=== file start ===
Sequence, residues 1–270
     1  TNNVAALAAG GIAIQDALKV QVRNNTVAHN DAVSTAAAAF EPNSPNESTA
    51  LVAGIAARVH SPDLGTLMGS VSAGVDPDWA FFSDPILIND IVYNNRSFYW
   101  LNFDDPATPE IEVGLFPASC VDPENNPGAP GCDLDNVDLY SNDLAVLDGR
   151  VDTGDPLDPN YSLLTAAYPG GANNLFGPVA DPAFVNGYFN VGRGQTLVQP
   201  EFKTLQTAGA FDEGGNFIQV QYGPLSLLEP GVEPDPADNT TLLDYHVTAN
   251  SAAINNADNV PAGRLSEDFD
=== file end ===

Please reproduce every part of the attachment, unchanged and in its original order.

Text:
Sequence, residues 1–270
     1  TNNVAALAAG GIAIQDALKV QVRNNTVAHN DAVSTAAAAF EPNSPNESTA
    51  LVAGIAARVH SPDLGTLMGS VSAGVDPDWA FFSDPILIND IVYNNRSFYW
   101  LNFDDPATPE IEVGLFPASC VDPENNPGAP GCDLDNVDLY SNDLAVLDGR
   151  VDTGDPLDPN YSLLTAAYPG GANNLFGPVA DPAFVNGYFN VGRGQTLVQP
   201  EFKTLQTAGA FDEGGNFIQV QYGPLSLLEP GVEPDPADNT TLLDYHVTAN
   251  SAAINNADNV PAGRLSEDFD